Labradoodle & Goldendoodle Forum

Took theodoee, a mini goldendoodle, to his first vet appt...weighted 2 lbs and 3 ounces :) anyway, the vet said they're worried about his underbite...does anyone else's mini goldendoodle have this as well? They had me nervous

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What a teeny, tiny puppy you have! I’d google underbites in dogs to give yourself some basic knowledge about it. Lots of underbites are no big deal. 

Googling "underbites in dogs" doesn;t really give you any answers, because there are so many different types of underbites, and often, the breed and the age make a difference in the prognosis.

In the same vein, while others here have certainly had goldendoodle puppies with underbites, their situations may be completely different from your puppy's, and the treatments if any would also be different. 

One common problem is base narrow canines, which has been discussed here extensively. 

In all cases, underbites are genetic and most breeder's health warranties don;t cover them. Some types need treatment; other mild malocclusions may resolve as the permanent teeth come in. Your vet is the best source for info on this. 

What confuses me is why you wouldn;t have asked the vet for more info: why are they worried, what is the exact type of malocclusion and what consequences might there be from it, what can be done about it, if necessary, etc?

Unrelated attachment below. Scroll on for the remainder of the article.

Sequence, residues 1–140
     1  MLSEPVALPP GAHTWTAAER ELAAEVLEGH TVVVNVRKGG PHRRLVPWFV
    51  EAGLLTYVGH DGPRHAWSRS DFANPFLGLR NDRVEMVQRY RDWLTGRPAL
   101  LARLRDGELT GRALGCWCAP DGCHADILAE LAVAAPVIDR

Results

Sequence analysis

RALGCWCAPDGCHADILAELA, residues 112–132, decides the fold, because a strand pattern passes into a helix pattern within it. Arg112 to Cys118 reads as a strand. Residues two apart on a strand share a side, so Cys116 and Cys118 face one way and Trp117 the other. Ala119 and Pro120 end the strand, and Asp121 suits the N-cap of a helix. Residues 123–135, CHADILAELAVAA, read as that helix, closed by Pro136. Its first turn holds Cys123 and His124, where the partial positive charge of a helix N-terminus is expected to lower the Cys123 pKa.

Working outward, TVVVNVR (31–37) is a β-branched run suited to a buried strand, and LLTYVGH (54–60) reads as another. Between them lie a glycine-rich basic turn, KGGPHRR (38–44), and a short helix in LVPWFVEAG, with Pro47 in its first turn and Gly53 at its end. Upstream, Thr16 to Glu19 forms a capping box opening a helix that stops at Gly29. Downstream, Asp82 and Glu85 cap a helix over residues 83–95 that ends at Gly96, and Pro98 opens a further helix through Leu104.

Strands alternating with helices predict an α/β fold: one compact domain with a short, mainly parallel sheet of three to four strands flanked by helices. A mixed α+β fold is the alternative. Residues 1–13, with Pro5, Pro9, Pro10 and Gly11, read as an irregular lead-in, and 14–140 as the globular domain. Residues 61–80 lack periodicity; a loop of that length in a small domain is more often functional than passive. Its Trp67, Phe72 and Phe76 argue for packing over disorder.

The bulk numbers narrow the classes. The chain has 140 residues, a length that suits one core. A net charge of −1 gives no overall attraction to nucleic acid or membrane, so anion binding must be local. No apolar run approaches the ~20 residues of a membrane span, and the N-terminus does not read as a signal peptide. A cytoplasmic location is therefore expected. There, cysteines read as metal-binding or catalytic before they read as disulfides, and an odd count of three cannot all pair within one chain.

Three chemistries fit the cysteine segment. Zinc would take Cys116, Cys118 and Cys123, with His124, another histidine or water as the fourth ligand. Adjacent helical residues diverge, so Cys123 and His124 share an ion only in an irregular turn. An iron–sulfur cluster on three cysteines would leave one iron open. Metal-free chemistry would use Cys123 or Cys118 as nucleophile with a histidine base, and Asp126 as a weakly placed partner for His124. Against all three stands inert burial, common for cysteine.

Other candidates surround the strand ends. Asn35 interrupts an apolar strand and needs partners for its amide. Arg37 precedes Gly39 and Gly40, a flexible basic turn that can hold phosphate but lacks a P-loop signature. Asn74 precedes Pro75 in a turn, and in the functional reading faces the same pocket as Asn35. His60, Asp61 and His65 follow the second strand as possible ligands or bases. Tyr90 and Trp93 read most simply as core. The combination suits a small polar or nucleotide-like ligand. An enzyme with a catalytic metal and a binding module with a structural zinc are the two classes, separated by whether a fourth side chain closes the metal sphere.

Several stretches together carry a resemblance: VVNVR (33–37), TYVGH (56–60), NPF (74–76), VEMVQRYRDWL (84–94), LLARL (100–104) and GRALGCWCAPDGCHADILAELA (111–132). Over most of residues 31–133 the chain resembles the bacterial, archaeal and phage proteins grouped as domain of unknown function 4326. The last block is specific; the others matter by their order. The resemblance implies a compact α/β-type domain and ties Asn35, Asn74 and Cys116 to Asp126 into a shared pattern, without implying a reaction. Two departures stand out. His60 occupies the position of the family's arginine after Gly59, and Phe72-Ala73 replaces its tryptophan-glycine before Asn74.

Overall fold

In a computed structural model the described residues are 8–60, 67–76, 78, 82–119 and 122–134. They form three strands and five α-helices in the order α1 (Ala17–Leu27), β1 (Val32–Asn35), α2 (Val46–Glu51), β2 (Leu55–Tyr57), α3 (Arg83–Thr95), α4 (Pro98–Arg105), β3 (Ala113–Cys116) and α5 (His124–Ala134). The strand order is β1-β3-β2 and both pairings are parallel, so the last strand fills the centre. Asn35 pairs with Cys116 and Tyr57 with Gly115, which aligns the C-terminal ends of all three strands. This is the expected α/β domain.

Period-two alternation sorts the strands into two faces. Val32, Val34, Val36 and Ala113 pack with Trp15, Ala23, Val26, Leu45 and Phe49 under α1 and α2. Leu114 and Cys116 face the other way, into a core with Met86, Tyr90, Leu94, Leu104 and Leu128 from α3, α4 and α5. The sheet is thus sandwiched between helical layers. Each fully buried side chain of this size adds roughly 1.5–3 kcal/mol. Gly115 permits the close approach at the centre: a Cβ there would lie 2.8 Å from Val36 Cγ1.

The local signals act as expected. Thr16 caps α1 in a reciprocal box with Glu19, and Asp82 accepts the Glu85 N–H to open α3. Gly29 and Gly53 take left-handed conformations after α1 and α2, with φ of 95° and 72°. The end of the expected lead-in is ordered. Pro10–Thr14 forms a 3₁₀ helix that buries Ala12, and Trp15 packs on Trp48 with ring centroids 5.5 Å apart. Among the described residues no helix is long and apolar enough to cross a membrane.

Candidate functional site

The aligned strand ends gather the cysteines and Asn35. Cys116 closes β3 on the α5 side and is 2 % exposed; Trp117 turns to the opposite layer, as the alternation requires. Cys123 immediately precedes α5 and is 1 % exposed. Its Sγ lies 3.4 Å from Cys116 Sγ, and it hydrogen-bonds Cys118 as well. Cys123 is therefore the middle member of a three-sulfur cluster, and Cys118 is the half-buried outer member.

I should have added—- before you go to the vet. Just to give you some basic knowledge of terminology. 

You may want to take your baby to a veterinarian dentist for an evaluation. Our Desi’s lower canine teeth were angled wrong so that one was pushing into his palate. Left untreated, it may have broken through the palate and opened him up for infection, not to mention much pain. If the problem had been caught a bit earlier, we could have done something called “ball therapy” to help guide his emerging teeth into a better position. As it was, he had “doggy braces” - a resin-type material was affixed to his bottom canines for a couple of months. As he’d close his mouth the extra fat lower canines were forced to (slowly) angle outward. Once the proper angle was achieved, the resin was removed. 

The process wasn’t exactly cheap, but it bought Desi a lifetime without a painful mouth - not to mention a dazzling smile!

Because your puppy is still young, the ball therapy (or something similar) is still on the table and much cheaper than what we did for Desi. Good luck. 

This is an example of what is called "base narrow canines", which I mentioned above. We've had several members whose dogs had this. 

Google “ball therapy for dogs” to get an idea of what it is/does. I would seek vet input before doing it. 

Good advice. 

Here are the results of a search I did here on DK for "ball therapy". Lots of responses:



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